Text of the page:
Case Law: Bhupinder Singh Sodhi v. Union of India, decided on 16.07.2015

The Court observed that the Constitution of Jammu and Kashmir is sovereign in character and the State Assembly exercises sovereign power to legislate laws. Referring to Prem Nath Koul vs. State of J&K, 1959 Supp (2) SCR 270:AIR 1959 SC 749, the Court also held that the State of Jammu and Kashmir occupies a distinct, unique and special position and constitutes a class in itself, thus cannot be compared to other states in the country. The Court further explained that the constitutional provisions and laws extended to the State of Jammu and Kashmir in accordance with the mechanism and procedure under Article 370 and those constitutional provisions and laws which have been made applicable to the State with modifications make the distinct and special position of the State more clear. The Court also gave liberty to the State to enact law similar to SARFAESI Act for securing the interest of banks or financial institutions. The court quashed the notices issued by the banks in terms of section 13 of the SARFAESI Act and restrained the banks and other financial institutions from proceeding further in keeping with the Act against the State Subjects or citizens of Jammu and Kashmir.

The ruling comes against the backdrop of an RSS-backed think tank, the Jammu & Kashmir Study Centre, planning to challenge the constitutional validity of Article 35 (A), which bars non-residents of J&K from buying land or property in the state. It also bars non-residents from getting a government job or voting rights in the state assembly. The J&K court gave its verdict on a petition regarding the applicability of the Securitisation and Reconstruction of Financial Assets and Enforcement of Security Interest Act, 2002 (SARFAESI) in the state. The SARFAESI Act, 2002, enacted and enforced by the Indian Parliament in 2002, empowers banks and financial institutions to recover their non-performing assets without the court’s intervention.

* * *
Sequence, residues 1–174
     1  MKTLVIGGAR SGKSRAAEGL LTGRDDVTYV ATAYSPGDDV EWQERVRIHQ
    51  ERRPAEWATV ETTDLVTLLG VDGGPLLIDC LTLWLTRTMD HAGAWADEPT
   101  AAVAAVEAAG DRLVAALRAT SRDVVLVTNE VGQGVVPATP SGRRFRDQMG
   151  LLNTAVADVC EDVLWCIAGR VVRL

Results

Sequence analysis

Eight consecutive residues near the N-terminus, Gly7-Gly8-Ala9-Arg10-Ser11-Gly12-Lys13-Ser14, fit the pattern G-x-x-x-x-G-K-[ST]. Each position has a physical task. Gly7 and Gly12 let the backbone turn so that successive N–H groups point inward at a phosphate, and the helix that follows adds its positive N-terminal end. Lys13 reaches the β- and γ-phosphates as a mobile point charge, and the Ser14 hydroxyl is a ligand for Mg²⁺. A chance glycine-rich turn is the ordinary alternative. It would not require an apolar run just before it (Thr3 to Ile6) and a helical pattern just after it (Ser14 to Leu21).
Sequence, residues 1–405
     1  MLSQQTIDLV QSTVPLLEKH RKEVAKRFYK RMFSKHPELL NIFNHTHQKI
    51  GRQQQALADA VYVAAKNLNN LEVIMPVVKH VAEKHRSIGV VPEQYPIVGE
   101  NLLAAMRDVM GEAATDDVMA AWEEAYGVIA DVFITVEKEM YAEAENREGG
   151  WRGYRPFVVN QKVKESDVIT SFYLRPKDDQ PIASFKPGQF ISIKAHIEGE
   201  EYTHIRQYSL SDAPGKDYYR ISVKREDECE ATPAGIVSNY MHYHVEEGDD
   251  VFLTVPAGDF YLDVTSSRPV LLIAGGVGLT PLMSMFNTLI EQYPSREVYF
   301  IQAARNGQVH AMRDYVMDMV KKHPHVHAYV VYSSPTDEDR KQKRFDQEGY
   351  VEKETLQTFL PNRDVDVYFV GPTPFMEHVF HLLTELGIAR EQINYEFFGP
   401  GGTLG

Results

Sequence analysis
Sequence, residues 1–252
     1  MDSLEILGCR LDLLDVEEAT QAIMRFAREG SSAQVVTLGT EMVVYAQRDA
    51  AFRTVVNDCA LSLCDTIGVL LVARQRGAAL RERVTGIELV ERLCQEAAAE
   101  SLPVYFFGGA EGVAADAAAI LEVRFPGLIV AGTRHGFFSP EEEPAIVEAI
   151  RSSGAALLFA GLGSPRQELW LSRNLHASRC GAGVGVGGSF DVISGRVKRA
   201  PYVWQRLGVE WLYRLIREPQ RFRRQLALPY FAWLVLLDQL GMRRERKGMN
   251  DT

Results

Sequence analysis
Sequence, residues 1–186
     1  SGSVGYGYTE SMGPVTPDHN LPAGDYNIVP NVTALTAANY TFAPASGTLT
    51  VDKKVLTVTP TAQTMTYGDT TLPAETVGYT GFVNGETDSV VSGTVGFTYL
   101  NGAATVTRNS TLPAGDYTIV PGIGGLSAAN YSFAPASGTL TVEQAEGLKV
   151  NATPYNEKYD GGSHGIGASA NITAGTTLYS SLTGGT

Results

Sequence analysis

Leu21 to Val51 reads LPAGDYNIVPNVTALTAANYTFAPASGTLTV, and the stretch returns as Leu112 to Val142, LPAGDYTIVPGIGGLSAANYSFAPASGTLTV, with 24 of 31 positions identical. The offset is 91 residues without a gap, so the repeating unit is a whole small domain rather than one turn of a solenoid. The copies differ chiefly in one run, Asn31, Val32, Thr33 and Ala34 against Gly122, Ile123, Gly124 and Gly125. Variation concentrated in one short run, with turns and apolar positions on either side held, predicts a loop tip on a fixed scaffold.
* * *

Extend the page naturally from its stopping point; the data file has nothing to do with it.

A division bench of M.H. Attar and A.M. Magrey JJ, held that the SARFAESI Act, 2002 cannot be enforced in the State as the Union Parliament does not have legislative competence to enact laws contained in Sections 13, 17(A), 18(B), 34, 35 and 36 so far they relate to the State. Giving reasons, the Court observed that the SARFAESI Act modifies the State transfer of property Act, State Civil Procedure Code, Civil Courts Act, State Limitation Act and adversely impacts the inalienable property rights of State Subjects, hence is beyond legislative competence of the Parliament to the extent of State of Jammu and Kashmir. “The state of J&K, in the event of framing such a law, has to ensure that interests of state subjects/citizens of J&K regarding their immovable properties are not affected by transferring the same to non state subjects,” the court said.